The kids loved the audio tour.  When we put on the headphones, it was like we were whisked back in time to the 1930’s and 40’s.  The narrators of the audio tour are former Alcatraz guards and inmates.  In the background of the narration, you hear the sounds of the jail just like you were there.







We got to see the cells up close.

Alcatraz was open from 1934 to 1963.  Most often, it was a prison for men who had broken the rules at other prisons.  They only housed a few notorious inmates – the most well known being Al Capone.  In the May of 1946, an unsuccessful escape attempt resulted in the death of  two inmates and three guards.  The Marines drilled holes in the prison roof in order to drop grenades on the jail to stop the coup.  They named the escape attempt “The Battle of Alcatraz.”

Also, in 1962, three inmates escaped through the jail pipes onto the roof and were never seen again.  It is believed that they drowned in the San Francisco Bay.

Overall, our Alcatraz tour was very intriguing.  We got back to our car at 4 p.m. – just in time for San Francisco rush hour.



We sat in very slow-moving traffic in San Francisco and through Alameda.  When we finally got out of traffic, we stopped in Tracey, CA at an In-N-Out Burger for dinner.  We noticed the temperature difference right away – 72 to 95 degrees.  We weren’t in San Francisco anymore.  We were in the San Joaquin Valley.  I love to say that – San Joaquin (Wackeen).

At the restaurant, Jimmy, Luke, and Seth brought a burger to a man looking for food outside.  Jimmy was able to ask Scotty his story and share the gospel with him.  Scotty said that he is saved but he’s not walking with the Lord.  Jimmy and the boys prayed for him to start seeking after the Lord.  It was a great discipleship opportunity for the boys.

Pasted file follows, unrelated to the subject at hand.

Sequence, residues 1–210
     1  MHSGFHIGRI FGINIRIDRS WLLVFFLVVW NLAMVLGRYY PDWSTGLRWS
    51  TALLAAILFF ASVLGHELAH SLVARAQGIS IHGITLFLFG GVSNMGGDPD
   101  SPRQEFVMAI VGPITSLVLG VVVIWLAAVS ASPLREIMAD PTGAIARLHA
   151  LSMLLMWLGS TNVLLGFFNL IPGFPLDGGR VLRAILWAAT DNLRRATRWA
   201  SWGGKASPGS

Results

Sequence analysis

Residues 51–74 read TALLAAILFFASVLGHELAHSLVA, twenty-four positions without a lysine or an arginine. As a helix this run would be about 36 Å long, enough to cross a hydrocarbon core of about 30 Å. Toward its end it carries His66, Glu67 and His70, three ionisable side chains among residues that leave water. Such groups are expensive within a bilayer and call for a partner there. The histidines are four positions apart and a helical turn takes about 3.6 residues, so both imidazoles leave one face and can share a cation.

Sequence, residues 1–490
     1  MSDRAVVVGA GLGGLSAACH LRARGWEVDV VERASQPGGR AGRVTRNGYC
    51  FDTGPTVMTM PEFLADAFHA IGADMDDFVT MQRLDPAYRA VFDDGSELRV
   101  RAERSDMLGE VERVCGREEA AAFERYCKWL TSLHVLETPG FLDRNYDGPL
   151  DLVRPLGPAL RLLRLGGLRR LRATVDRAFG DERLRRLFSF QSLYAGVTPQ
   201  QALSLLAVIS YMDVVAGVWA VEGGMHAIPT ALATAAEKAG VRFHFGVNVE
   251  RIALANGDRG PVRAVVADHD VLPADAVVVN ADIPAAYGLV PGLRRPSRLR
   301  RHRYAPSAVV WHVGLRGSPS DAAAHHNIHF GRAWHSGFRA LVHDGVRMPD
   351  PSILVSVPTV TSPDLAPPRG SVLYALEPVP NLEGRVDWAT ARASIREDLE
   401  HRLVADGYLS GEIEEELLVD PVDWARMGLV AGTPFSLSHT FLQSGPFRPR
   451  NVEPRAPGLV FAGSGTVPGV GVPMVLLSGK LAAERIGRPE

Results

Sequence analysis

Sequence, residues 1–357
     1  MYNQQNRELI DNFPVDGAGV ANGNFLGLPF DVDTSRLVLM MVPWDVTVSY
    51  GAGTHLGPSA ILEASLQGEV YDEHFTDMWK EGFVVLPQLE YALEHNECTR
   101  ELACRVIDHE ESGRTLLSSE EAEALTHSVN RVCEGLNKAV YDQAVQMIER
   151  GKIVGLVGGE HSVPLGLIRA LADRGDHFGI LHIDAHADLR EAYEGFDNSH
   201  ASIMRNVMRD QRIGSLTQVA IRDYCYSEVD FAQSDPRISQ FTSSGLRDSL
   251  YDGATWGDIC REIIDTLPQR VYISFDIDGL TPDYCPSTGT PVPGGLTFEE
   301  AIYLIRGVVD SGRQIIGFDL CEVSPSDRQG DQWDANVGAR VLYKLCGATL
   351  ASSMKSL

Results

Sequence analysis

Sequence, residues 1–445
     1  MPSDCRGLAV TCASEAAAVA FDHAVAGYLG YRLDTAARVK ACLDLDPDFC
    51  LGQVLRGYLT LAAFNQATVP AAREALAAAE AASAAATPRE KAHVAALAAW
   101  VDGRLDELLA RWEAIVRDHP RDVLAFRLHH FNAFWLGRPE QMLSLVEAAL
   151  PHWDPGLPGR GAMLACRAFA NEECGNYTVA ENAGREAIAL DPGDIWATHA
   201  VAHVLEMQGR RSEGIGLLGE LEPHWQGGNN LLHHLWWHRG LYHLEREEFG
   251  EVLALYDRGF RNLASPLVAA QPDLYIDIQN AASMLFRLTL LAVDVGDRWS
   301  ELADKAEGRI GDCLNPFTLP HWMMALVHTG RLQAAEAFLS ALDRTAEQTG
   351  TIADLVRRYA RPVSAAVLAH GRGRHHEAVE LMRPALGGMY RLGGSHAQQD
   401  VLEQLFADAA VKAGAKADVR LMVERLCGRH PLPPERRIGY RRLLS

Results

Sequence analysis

As I waited for the boys to return, I noticed a Scripture verse on the fry bag from In-N-Out Burger:

Nahum 1:7

That verse wasn’t familiar to me so I looked it up:

The Lord is good, a refuge in times of trouble.  He cares for those who trust in Him…”

An apt verse for Scotty and a great reminder for us all.

Our two-hour trip to Merced, CA turned into a four trip with traffic.  Around 9 p.m., we drove into the Motel 6 in Merced, CA.  We quickly got our stuff together and checked in.  The kids went ahead of us while Jimmy and I cleaned out the car.  We noticed that a young couple was starting at us the whole time we were working on the car.  It was kind of creepy.  We kept thinking that maybe they were looking past us to the gas station.  But when we headed their direction, the woman stopped me and warned me, “I wouldn’t leave anything on the back of your car.  People around here will snatch it up real quick.”  I thanked her and headed to the room.  This place is making me nervous.

In the room, the kids were killing flies.  There were a lot of dead flies on the floor and a whole family buzzing around the room.  Although, the rest of the room was clean, the flies were getting to me.  After Jimmy saw the state of the room, he asked me to join him in the hallway.  He thought we should find another hotel.  I agreed.  I was glad to get out of there. Thankfully, the hotel gave us our money back and we were off to find another hotel.

We drove to the Hampton Inn down the street.  They were fully booked but the lady at the desk was so helpful.  She called a few other local hotels and asked about availability.  She found us a room at America’s Best Inn and Suites.  It was adequate for the night – we wouldn’t be there long.  How kind of this Hampton Inn employee to not only recommend hotels for us but also to find something for us?

At one point in all the craziness of three brothers and the hotel fiasco, Emma Grace said, “Sometimes I just want to go live in the wild.”

I just thought to myself – you’ll have that opportunity tomorrow night when we camp.

Thank you, Lord, for directing our steps again today!